However, the major reason that I was left thinking “But why me?” is that while, yes, I have worked hard to be where I am today, my life has been easy. I was fortunate enough to grow up in an upper-middle-class neighborhood on the North Shore of Massachusetts, where I attended a private middle school and high school very similar to Rivers. From there, I went on to a small, elite New England college. I majored in biology and education, which then brought me here to Rivers at the very young age of 22.
I am acutely aware of the fact that I am extremely privileged. I have never had to overcome the experiences of racism or poverty. I have not had to question where my next meal would come from or if I would be affected by neighborhood violence. I am a healthy, able-bodied adult with a family that loves and cares for me. So for these reasons and many more, I will not pretend that solely hard work has gotten me to where I am today. In many ways, my road to success was paved and smoothed by factors that I did nothing to earn. For a long time, I didn’t realize how lucky I am, and it took experiences with people from different backgrounds in order for me to recognize all that I have been given.
That being said, I am honored, yet still very nervous, to give a speech for you today about what I have learned throughout my time as a student, athlete, teacher and now graduate student on the topic of hard work. School never came particularly easily to me. I was often left feeling as though I were working twice as hard as others just to achieve the same results—or, as was more often the case, a worse result, despite my efforts.
It took me a long time to realize that my definition of success and the goals I created for myself didn’t need to be determined by someone else, that if I tried my hardest and did my best, then that was success.
I grew up playing club lacrosse, and the general expectation was that everyone’s goal should be to play Division One. However, I knew fairly early on that I wouldn’t find joy in a large school where I had to play year-round. So I decided to go to a college where I would be happy as a student, athlete, and young adult, and I believe I ended up right where I belonged because I had set my own goal and worked to achieve it. For me, success doesn’t have to mean winning first place or getting 100 percent. However, it does have to include working hard, being gracious, and improving from my first try.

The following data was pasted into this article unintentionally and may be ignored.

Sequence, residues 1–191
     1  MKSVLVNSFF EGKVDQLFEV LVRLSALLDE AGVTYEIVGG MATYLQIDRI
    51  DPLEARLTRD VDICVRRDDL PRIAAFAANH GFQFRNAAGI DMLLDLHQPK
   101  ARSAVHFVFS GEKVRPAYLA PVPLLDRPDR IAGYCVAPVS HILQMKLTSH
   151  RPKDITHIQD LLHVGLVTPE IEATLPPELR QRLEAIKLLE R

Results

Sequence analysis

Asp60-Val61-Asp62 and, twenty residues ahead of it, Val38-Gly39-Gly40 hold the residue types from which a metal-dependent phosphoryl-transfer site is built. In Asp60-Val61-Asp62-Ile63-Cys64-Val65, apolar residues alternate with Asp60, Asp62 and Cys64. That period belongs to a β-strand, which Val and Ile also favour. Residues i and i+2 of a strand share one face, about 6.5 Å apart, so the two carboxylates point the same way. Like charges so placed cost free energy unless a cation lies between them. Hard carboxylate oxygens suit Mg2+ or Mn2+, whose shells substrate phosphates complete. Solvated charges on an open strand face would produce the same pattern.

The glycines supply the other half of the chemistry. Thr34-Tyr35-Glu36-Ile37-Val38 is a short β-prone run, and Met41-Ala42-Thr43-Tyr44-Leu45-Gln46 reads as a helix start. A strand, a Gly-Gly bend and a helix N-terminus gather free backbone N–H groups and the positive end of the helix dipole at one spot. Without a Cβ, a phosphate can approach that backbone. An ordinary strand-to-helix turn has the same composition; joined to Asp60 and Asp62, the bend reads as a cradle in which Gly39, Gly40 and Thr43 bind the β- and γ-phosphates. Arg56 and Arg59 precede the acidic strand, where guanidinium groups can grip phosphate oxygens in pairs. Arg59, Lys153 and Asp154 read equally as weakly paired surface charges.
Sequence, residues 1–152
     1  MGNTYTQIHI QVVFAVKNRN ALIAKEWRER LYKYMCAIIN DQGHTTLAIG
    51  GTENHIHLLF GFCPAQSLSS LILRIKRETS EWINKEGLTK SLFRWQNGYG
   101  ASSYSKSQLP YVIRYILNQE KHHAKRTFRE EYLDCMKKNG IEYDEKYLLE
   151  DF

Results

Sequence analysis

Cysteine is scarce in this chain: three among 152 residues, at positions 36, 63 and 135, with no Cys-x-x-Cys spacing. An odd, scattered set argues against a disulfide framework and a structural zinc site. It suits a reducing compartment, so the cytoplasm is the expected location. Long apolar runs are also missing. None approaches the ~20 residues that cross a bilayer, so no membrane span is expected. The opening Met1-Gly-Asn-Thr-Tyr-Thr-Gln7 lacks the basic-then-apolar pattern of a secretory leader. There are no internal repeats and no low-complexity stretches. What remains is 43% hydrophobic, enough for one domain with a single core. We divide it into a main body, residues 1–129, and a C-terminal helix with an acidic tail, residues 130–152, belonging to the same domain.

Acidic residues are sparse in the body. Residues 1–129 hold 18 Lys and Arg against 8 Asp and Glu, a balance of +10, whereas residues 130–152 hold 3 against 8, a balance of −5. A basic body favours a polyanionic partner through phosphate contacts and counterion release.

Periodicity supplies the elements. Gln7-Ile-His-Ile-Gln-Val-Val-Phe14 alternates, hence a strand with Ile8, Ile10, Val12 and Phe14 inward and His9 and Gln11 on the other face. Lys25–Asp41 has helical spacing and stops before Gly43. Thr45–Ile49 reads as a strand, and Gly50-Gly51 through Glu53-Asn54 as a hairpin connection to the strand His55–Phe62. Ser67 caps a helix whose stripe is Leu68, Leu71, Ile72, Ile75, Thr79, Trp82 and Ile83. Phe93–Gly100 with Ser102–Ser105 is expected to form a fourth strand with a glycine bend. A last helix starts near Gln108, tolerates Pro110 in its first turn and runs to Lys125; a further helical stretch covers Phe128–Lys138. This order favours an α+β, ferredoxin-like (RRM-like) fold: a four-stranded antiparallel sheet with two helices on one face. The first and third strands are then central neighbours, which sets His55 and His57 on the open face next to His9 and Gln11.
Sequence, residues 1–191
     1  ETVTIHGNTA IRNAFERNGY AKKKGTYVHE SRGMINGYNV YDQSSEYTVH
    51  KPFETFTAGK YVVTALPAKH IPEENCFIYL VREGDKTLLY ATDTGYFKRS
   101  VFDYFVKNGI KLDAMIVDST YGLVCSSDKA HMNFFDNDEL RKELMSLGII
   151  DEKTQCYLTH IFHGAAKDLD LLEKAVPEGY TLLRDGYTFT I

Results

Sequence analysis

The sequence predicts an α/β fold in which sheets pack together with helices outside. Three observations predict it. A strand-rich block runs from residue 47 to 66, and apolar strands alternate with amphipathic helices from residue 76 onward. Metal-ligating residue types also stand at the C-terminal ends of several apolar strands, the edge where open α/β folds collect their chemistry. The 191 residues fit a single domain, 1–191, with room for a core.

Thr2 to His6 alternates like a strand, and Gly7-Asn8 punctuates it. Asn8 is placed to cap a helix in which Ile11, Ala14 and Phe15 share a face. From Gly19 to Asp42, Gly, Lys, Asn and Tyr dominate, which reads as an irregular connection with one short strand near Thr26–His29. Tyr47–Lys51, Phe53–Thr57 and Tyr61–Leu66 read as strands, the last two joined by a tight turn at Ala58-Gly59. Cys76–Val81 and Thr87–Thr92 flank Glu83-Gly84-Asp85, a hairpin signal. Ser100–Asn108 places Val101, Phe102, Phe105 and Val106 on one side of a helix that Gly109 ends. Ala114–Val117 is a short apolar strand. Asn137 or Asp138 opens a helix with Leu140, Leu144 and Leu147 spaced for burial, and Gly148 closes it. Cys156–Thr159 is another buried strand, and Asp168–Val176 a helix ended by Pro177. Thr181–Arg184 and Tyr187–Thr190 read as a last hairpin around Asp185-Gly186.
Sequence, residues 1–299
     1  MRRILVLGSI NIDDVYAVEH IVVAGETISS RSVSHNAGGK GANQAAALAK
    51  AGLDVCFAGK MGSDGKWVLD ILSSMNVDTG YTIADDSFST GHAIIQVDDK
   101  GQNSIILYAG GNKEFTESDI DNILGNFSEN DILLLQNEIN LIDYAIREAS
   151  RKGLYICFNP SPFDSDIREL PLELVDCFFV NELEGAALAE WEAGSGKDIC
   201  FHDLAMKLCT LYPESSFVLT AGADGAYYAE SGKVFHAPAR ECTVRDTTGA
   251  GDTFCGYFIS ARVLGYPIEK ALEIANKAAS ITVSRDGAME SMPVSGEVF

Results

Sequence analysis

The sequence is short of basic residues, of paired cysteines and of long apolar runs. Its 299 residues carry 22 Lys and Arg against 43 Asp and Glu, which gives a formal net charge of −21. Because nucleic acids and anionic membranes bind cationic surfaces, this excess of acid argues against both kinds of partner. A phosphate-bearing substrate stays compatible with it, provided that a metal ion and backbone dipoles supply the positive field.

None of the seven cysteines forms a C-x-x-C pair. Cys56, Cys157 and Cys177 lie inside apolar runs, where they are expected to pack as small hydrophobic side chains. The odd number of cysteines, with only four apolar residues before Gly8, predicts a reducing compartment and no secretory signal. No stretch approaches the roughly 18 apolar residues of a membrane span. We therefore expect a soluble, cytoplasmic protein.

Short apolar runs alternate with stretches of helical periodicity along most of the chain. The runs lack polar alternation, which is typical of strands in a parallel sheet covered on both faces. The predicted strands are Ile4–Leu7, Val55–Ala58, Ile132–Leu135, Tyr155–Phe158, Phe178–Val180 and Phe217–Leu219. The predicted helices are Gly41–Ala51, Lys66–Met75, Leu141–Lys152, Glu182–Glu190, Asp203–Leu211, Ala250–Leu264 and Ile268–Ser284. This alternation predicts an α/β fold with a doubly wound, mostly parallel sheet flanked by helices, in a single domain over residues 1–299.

There are times when you can choose to take the easy road. Perhaps it’s not trying the extension questions on a math quiz, or not auditioning for the solo in chorus. I’ve made this choice many times, as it often seemed like the better option—because if I didn’t succeed, I could always tell myself I didn’t try that hard or I didn’t do everything I could have. But really, was selling myself short, holding myself back and not seeing all that I was capable of. When I did decide to take on a challenge—such as taking AP French my senior year in high school with students who were fluent, native speakers—I was left with a greater sense of accomplishment and pride, regardless of the less-than-stellar way it influenced my GPA. I enjoyed seeing how far I could push my reading, writing and speaking in French—something that I never would have been exposed to if I had not fought to be in the course.
If we constantly compare our achievements to those of others, we will always fall short. Someone else is always going to do better, jump higher, be stronger—that’s why the Guinness Book of World Records exists. But you can’t let that stop you from always trying your hardest at everything you do, because if you did, you’d be selling yourself short and making excuses.
Freeman concluded with this reflection we can all relate to: My own journey toward continuous effort and not selling myself short is still a work in progress, and I suspect it always will be, but what matters is I am trying.